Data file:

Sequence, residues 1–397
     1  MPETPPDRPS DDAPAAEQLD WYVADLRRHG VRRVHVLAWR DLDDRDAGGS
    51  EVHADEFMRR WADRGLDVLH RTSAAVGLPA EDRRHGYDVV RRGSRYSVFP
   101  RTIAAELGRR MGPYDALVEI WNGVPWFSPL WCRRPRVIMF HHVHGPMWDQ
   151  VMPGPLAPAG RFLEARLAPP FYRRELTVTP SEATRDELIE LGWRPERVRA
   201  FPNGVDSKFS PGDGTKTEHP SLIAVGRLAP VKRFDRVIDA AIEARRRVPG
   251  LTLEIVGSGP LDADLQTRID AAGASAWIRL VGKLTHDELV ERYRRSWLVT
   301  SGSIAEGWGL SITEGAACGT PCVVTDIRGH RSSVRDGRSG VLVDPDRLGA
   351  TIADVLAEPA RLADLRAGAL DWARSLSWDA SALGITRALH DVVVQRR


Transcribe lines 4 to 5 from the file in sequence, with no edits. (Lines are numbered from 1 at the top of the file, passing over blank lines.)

   101  RTIAAELGRR MGPYDALVEI WNGVPWFSPL WCRRPRVIMF HHVHGPMWDQ
   151  VMPGPLAPAG RFLEARLAPP FYRRELTVTP SEATRDELIE LGWRPERVRA